“The first word of the Constitution is ‘We,’ not ‘I,’” notes political columnist and author E.J. Dionne.

For Dionne, perhaps the most insightful, scholarly, and civil member of the oft-obnoxious and offensive species known as the Beltway pundit, a misreading of the pronoun with which the nation’s founding document begins is a major source of the toxicity now afflicting American politics.

Jerry Roberts

In his just-published book, Our Divided Political Heart, Dionne argues that a time-honored and necessary equilibrium between two crucial values that underpin our public life ​— ​individualism and community ​— ​has been lost amid a right-wing rewrite of history:

“Underlying our political impasse is a lost sense of national balance that in turn reflects a loss of historical memory,” he writes. “Americans disagree about who we are because we can’t agree about who we’ve been.”

An artful, brainy, and soft-spoken commentator in an age of braying and benighted cable-network shouters, Dionne will be in Santa Barbara next week for a speech sponsored by UCSB’s (all rise) Walter H. Capps Center for the Study of Ethics, Religion, and Public Life.

E.J. Dionne

A contributor to The Washington Post and NPR, Dionne helped frame the 1992 presidential election with his classic book Why Americans Hate Politics. He introduced the term “false choices” into the political lexicon to describe the bitter and binary partisan conflicts that characterize politics but are of little importance or relevance in the real lives of many Americans; the idea animated the centrist “third way” politics of Bill Clinton, among others.

Twenty years later, Dionne’s latest volume builds on that notion, offering a brisk stroll through the nation’s history of political ideas to analyze the even more intractably polarized politics of 2012. From Hamilton and Jefferson to Clay and Jackson, Lincoln, and both Roosevelts, he traces the development of what he calls the “Long Consensus,” which he defines as a “social contract for shared prosperity.”

The basis of this consensus was the recognition that government and the private economy are not antithetical; in fact, they complemented and strengthened each other through the decades of the American Century when economic mobility increased and the middle class expanded as the two parties, despite philosophical differences, forged compromises based on shared assumptions about the need for both public action and free markets.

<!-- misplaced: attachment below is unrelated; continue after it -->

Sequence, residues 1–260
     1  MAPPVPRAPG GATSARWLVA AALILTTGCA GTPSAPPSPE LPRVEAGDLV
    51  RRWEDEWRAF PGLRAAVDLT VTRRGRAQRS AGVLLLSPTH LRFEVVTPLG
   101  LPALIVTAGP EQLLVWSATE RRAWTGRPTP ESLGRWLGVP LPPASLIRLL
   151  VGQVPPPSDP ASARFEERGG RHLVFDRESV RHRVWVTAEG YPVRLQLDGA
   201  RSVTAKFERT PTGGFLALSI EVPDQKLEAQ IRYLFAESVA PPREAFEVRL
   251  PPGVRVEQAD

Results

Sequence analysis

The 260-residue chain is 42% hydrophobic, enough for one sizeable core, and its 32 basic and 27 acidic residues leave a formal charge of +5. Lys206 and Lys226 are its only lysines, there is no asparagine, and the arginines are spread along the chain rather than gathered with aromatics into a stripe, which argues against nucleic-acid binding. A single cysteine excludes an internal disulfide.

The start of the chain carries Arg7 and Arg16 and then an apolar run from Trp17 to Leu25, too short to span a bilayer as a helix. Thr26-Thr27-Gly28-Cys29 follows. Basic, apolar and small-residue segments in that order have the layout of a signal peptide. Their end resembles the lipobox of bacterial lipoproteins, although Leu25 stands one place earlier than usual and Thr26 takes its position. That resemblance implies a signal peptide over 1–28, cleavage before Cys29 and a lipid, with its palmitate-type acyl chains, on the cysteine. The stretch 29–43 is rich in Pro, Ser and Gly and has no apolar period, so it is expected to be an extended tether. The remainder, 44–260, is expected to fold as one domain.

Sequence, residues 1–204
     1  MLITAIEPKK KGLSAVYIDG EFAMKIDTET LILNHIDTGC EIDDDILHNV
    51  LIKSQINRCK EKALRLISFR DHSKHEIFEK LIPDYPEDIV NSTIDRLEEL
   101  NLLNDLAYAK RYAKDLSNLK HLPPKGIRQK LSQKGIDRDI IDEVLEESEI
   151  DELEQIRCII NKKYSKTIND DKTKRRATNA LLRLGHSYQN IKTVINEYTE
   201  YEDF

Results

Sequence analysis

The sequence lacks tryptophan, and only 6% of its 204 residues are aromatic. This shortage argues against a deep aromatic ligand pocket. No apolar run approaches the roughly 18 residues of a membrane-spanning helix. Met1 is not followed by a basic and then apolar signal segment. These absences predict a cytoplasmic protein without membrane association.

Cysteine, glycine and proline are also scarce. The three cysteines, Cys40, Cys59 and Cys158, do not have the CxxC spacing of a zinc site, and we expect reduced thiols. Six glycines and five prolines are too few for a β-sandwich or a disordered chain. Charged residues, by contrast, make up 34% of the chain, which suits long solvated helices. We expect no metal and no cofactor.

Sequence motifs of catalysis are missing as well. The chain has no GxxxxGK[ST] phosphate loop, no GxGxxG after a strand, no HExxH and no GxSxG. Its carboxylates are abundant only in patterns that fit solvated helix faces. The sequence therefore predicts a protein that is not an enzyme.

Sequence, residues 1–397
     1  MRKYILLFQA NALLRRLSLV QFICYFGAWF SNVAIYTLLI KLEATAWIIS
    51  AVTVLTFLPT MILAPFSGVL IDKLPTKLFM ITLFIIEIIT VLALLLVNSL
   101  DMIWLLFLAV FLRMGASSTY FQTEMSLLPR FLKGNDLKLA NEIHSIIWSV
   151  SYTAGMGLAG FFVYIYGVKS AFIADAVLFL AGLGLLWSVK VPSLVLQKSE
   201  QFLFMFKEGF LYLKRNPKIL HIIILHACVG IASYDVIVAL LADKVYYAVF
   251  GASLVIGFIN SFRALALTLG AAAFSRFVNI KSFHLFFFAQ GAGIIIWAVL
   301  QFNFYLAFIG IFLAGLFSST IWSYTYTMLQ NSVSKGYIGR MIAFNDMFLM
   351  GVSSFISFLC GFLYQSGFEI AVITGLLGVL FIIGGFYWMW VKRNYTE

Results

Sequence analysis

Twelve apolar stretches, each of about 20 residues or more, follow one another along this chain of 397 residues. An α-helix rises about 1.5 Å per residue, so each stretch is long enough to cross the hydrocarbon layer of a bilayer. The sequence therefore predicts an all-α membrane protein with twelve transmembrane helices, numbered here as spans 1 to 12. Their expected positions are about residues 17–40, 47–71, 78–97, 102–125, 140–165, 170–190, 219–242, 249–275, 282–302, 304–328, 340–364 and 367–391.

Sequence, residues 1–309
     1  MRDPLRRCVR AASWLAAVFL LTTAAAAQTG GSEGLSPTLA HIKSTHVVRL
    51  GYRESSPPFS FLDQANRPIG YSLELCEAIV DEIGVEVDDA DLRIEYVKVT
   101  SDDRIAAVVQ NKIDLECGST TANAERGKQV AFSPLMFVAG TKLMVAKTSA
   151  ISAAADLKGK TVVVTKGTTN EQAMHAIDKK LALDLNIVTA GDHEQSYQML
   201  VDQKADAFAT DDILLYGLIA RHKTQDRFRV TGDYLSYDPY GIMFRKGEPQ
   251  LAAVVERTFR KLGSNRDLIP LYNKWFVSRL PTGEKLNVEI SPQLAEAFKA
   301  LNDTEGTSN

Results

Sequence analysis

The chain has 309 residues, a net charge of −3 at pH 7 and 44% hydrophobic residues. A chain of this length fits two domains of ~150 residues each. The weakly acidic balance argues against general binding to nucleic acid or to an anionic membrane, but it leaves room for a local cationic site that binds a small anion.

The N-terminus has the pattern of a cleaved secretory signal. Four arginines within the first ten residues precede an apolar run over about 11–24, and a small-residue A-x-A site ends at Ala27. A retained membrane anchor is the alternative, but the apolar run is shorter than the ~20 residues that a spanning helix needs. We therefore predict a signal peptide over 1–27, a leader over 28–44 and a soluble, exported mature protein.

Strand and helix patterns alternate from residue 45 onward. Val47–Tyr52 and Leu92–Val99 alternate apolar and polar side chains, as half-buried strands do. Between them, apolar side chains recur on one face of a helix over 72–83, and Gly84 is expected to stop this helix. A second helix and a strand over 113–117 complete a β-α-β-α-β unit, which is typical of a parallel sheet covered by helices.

“In the hundred years after Theodore Roosevelt assumed the presidency, government grew ​— ​but so did individual liberty,” he writes. “The state assumed new roles, but individual opportunities expanded.

“New regulations protected the air and the water, the integrity of food and drugs, the safety of workplaces and consumer products ​— ​and American capitalism flourished. Workers organized into unions that advanced the interests of those who depended on their labor, not capital for their livelihoods. In doing so, labor organizations strengthened a more social form of capitalism based on widespread property ownership and upward mobility.”

In an interview, Dionne said that today’s Tea Party Republicans celebrate individualism as the singular American political value, disparaging and dismissing any role for government as destructive of capitalism and liberty. With this mindset, politics becomes a winner-take-all proposition, and compromise becomes a dirty word, he said, noting the departure and purging of moderates from the GOP amid the rise of ideological dogma on the right.

“The right has become much more radical than it was,” he said. “The Tea Party wants to invent an American story based solely on individualism, in which community has played no role. So compromise becomes ‘almost treasonous,’ as [Texas Governor] Rick Perry put it in the primaries.”

Dionne will be speaking and signing books at the Capps Center event next Wednesday (June 20) at 8 p.m. at the Lobero. Admission is free.

P.S.: By coincidence, the Pew Research Center has just released a major new survey that backs Dionne’s argument, concluding that Americans are more polarized along partisan lines than at any point in the past quarter-century:

“Republicans and Democrats are furthest apart in their opinions about the social safety net. There are partisan differences of 35 points or more in opinions about the government’s responsibility to care for the poor, whether the government should help more needy people if it means adding to the debt, and whether the government should guarantee all citizens enough to eat and a place to sleep.

“On all three measures, the percentage of Republicans asserting a government responsibility to aid the poor has fallen in recent years to 25-year lows.”


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